First time I’ve been to Japan it was in 1989. Later, I revisited Japan 8 , maybe 9 more times.
It was an unbelievable, an unbelievably upspiriting experience for me. No, no, it wasn’t. It was a dream come true. It was my Sensei, Kumagai Kenji Shihan, who invited me there.
Fresh out of college, I was also just out of the Army, doing my military service. But there was no direct flight from İstanbul to Japan so I had to transfer to another flight from Singapore.
Then I got there and we left home with my sensei, Kumagai Shihan to train at the Aikikai Honbu Dojo. Whaled out of Shinjuku Station East, we walked for about 20 minutes. Someplace, Kumagai Shihan pointed at some place along the road asking me if I recognized the inscription. I could only discern the kanji for Aikido on a white marble post just about a man’s height. We took that street. There were a couple of souls in front of a building ahead. But recognized one in a flash, that was Kishomaru Ueshiba as I knew him from his pictures. Kumagai Shihan steered me in his direction and introduced me to him. I bowed. Mumbling something, the doshu was as if he was daydreaming.
During my very first visit to the Honbu Dojo I had a chance to train with many great masters, who have departed by now. Then, I get to thinking after some 30 years on, which one of those senseis, those masters, have left a bigger mark?
Shihans teaching at Honbu Dojo at the time never revealed their technique to anyone other than their own handful of ukes.
Many loved Yamaguchi Shihan, for example. But, why, I don’t know, I was not so happy at all with his classes. Sure, I always did my best to attend to his classes. But for I was used to practice the techniques that had a definite beginning and a clear-cut ending, his style was out of my grasp. He’d just grasp his uke’s fingertip and flip him/her all over but never lost connection. Or maybe he’d do the ‘Eridori Nikkyo Ura,’ one of the staple techniques, but instead of bridling his opponent with his hands he’d do it with is torso hands dangling on his sides.
As I said, for me, this was a technique hard to embrace. May be I just wasn’t ready to understand.
Ichihashi Shihan… with such robuts a body incommensurate with the finesse of his soul. He also had a high-pitched voice. I knew him before for he came to Turkey way back. Maybe that’s why during classes he came and treated me personally. He also invited me over to tea a couple of times after class. There was this café close to Honbu Dojo, Dahlia, we used to sit. We did our best to exchange despite his infinitesimal knowledge of English. And despite his physique reminiscent of Roman columns, he was chivalrous.
Sasaki Shihan was a Shinto priest. He was a man of god. It was tirade, his lecturing during training. And he spoke Japanese, for sure and I listened blank. It was good when it was warm but when it was cold, and for no aperture at Honbu Dojo was never closed, including emergency exits, my sweat always froze on me. I’d count the time until his diatribe was over so that I could train and warm up. Then, I had another chance to get to know him better at Shodo (Island) Shima. He took interest in me. Asked questions. Tried to get to know me. I can’t say that they got along well with my sensei Kumagai Shihan, but he was nice to me. He gave me a couple of his own calligraphy and I hung them at the shomen of my dojo in Levent (İstanbul), which a capablefriend of mine stole from me as we moved. I knew who it was but couldn’t say nothing because I was ashamed to do so.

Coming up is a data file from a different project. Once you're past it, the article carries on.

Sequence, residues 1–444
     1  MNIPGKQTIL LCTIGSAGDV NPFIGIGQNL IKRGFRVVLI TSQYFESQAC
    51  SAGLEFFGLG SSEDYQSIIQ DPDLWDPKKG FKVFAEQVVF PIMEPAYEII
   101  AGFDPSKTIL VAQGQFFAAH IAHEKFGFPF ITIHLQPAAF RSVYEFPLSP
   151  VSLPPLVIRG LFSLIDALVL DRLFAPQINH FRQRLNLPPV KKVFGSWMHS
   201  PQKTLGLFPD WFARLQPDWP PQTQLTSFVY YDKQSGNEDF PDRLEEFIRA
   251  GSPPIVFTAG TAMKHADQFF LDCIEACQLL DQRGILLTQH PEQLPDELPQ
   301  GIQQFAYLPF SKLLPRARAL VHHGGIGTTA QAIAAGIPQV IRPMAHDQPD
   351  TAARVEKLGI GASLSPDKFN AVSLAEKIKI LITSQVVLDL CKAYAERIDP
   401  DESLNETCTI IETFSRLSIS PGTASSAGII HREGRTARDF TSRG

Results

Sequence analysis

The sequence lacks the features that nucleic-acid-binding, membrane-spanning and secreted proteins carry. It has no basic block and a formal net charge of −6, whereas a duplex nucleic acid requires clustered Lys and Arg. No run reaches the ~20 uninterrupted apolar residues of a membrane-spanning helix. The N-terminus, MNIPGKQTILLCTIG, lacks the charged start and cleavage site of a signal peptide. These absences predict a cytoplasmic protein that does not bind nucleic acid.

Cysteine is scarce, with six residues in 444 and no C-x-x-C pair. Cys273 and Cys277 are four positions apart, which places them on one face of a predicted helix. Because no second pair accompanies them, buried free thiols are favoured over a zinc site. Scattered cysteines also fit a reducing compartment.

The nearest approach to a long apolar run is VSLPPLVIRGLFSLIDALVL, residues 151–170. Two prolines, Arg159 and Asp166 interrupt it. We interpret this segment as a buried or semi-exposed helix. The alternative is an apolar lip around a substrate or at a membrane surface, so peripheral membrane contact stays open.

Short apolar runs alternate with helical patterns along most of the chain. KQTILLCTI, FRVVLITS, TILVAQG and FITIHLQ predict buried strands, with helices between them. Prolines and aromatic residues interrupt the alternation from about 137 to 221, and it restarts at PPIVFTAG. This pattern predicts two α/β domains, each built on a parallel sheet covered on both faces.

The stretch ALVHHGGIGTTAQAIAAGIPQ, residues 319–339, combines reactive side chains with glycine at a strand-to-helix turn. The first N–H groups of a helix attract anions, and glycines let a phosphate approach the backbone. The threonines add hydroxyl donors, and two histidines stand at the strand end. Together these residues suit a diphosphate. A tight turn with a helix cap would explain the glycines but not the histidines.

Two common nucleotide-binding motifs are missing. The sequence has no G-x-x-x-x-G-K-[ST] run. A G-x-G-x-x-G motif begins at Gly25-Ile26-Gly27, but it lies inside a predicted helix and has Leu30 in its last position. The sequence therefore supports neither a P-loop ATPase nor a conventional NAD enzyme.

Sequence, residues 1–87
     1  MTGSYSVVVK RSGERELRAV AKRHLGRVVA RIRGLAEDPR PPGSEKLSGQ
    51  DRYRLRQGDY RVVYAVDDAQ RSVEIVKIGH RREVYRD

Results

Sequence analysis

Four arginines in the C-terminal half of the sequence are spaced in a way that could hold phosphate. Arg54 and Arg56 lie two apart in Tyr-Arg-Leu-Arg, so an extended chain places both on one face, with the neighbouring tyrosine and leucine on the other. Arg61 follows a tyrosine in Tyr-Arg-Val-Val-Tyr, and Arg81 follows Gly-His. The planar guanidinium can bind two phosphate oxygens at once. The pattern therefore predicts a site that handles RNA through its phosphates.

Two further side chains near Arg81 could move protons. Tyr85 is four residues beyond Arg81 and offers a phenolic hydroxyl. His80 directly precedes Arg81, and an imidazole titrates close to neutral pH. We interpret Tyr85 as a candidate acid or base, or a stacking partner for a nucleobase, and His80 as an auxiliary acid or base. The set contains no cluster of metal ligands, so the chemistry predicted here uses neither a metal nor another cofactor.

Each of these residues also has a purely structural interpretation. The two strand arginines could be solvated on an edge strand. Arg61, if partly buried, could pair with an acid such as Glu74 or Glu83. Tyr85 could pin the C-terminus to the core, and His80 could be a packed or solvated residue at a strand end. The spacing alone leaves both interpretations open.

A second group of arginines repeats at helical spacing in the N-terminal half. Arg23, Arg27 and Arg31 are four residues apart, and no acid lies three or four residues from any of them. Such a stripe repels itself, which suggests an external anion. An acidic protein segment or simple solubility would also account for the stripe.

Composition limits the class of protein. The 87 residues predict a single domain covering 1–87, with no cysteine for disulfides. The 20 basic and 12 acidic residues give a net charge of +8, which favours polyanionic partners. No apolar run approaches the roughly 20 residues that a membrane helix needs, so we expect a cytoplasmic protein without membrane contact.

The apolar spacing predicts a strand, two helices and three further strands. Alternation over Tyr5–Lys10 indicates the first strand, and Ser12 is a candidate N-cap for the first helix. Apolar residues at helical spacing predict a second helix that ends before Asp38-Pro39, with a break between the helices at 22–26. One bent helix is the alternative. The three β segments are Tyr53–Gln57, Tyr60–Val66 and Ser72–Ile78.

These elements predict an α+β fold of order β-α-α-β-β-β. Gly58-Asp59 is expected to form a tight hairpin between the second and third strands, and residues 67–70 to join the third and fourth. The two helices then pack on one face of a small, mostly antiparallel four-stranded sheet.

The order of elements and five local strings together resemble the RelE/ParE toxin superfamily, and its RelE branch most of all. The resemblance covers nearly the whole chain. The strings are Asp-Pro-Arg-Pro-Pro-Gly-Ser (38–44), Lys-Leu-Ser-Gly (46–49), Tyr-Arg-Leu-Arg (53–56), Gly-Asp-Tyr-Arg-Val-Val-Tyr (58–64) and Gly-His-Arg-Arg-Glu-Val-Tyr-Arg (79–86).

As we were having this conversation with Sasaki Shihan, accompanied by university students, he asked me who I was. ‘Who are you?’ I told him my name and that I was from Turkey. He looked at me. ‘I Sasaki. Sasaki human’ he said. He was meaning to say being a human preceded other traits.
He had very strong arms. But what impressed me the most were the hymns he chanted as part of the Shinto ritual before he commenced class. His voice would so multiply inside the dojo that it made me feel like the ceiling could collapse.
Doshu Kishomaru was so little even for many a Japanese. During class, he’d get lost sometimes. I bumped into him a couple of times during class, without knowing. Practice was spacious at 6:30 AM but the class on Friday night, it was almost impossible to swing the techniques around for it was congested. Morning classes, it was mostly the Japanese. Training on Friday night, most were non-Japanese.
Another thing about training with Kishomaru Doshu was that other teaching shihans would join, too. If you were lucky you could fish one.
What impressed me the most, despite his age, was that his voice never undulated after he performed the techniques; I never saw him short of breath.
Another Aikido celebrity that everyone knew and I’ve gotten to know at the Honbu Dojo was Fujita Sensei. Interesting that he actually was not a Shihan, which contrasted with his European image. He did not teach. Although he was introduced as the ‘Aikikai Secretary General’ he held no such title. Then, years later, I attended one of his classes during an international event in Sofia. I wouldn’t say I was much impressed.
Osawa Shihan was one of those senseis I respected the most in Honbu Dojo. Osawa Shihan teaches at Honbu Dojo today, and his father, Osawa Shihan Sr. used to conduct the 6:30 AM training on some days. He was so old and so thin that he was almost afloat in his dogi. He wouldn’t demonstrate techniques other than a couple of fundamentals. But I was apalled.
These senseis, long gone, have thought me and it’s been some 30 years already.
I cherish their memories with utmost respect and gratitude.